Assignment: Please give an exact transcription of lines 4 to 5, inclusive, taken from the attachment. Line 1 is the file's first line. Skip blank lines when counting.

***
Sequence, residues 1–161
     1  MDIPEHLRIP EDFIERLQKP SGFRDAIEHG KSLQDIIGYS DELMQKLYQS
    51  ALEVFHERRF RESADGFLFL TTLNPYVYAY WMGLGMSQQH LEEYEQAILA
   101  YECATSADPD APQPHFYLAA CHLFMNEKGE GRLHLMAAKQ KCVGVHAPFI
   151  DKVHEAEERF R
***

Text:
   101  YECATSADPD APQPHFYLAA CHLFMNEKGE GRLHLMAAKQ KCVGVHAPFI
   151  DKVHEAEERF R